PS 13-143 - Host specificity and environmental drivers of smut infection of brome grasses

Monday, August 7, 2017
Exhibit Hall, Oregon Convention Center
Sameer S. Saroa1, Mia R. Maltz1, Bridget E. Hilbig2, Michael F. Allen3 and Edith B. Allen4, (1)University of California, Riverside, (2)Botany, Weber State University, UT, (3)Center for Conservation Biology, University of California, Riverside, CA, (4)Department of Botany and Plant Sciences and Center for Conservation Biology, University of California, Riverside, Riverside, CA

Ustilago sp. are smut fungi that systemically infect grasses, including exotic annual Bromus grass species of the subgenus Genea that are causing vegetation type conversions in western U.S landscapes. Ustilago bullata renders these plants sterile and may lead to complete stand failure under high plant density. Depending on patterns of host-specificity, U. bullata may be a promising brome-specific biological control agent. However, little is known about niche specialization of Ustilago pathotypes and specific environmental conditions (e.g., timing and amount of precipitation or temperature) that determine the degree of plant infection and Ustilago teliospore germination.

We sought to understand the necessary environmental conditions for host-plant infection. We expected increased incidence of infection with earlier and more frequent rain events, as the fungal teliospores must germinate prior to Bromus seed germination to increase incidence of infection. We collected both infected and uninfected samples from sites in southern California, prepared axenic cultures, georeferenced samples, and imported collection data into ArcGIS. Precipitation and temperature data were extracted from PRISM datasets and compiled for analysis from July and through the following June of each year. Data were analyzed daily to investigate whether timing of rain events had an effect on infection.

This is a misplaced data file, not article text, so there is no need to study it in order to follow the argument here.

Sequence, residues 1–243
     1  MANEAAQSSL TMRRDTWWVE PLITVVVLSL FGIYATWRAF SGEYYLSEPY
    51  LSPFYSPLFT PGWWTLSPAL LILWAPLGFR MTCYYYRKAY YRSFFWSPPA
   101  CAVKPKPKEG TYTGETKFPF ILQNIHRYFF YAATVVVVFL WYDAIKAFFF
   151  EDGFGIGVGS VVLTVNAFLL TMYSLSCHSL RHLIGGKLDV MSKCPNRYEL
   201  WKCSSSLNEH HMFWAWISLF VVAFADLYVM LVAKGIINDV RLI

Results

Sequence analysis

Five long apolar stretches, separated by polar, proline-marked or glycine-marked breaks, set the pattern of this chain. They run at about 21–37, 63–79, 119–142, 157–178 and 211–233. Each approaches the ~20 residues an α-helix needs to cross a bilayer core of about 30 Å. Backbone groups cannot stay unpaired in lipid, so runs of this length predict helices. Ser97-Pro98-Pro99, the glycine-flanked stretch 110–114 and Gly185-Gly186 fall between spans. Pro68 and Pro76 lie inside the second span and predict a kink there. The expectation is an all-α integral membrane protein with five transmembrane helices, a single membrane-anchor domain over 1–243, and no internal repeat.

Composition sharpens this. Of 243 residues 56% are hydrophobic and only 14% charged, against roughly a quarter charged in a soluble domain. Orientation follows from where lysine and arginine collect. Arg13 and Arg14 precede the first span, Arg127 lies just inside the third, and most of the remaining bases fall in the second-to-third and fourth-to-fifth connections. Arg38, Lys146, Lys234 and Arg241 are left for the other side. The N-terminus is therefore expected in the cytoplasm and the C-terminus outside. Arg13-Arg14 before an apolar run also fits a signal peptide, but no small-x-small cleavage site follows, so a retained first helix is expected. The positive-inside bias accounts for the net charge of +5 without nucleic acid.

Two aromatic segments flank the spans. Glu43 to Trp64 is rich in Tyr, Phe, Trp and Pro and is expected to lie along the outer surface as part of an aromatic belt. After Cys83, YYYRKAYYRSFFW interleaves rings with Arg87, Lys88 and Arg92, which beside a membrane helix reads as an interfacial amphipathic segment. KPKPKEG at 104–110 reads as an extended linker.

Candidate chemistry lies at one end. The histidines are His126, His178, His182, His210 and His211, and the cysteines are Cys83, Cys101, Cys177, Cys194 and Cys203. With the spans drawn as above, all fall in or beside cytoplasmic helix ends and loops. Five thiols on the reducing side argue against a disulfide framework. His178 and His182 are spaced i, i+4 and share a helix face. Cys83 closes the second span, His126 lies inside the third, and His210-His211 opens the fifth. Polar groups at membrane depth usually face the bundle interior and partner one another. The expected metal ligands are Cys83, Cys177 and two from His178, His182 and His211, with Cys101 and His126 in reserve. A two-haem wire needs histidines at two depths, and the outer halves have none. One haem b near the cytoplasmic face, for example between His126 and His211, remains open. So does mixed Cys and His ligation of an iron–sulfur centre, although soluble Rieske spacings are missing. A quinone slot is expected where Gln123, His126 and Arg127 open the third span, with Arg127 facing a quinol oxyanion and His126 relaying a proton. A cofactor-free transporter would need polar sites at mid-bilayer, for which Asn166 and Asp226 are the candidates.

Our survey included smut-infected B. diandrus, B. rubens and B. tectorum across a range of desert, Mediterranean, and montane ecosystems in California. Our data suggest that each Ustilago pathotype may have a preferred niche, similar to the distinct niche requirements of each host-plant species. These Ustilago pathotypes may also exhibit niche specialization, such that temperature or precipitation requirements may differ among pathotypes, and each pathotype may require different environmental conditions to promote infection.

In order to infect, the teliospores must germinate concurrently with Bromus seeds and produce sporidia, which conjugate into dikaryotic infection hyphae, and subsequently penetrate the coleoptile during an infection window. However, infection hyphae require increased access to nutrients and slightly acidic conditions, which may influence restoration techniques aimed at employing Ustilago taxa as a biocontrol agents.

Characteristics of our isolated cultures indicate that different pathotypes are infecting each host plant species. These host-specificity patterns suggest that targeted biocontrol strategies with Ustilago pathotypes may be effective. Our sampling efforts continue to investigate the environmental requirements necessary to promote infection. Research into host-specificity and niche requirements of these plant pathogens may elucidate whether Ustilago would be a viable biological control agent for brome grasses in southern California.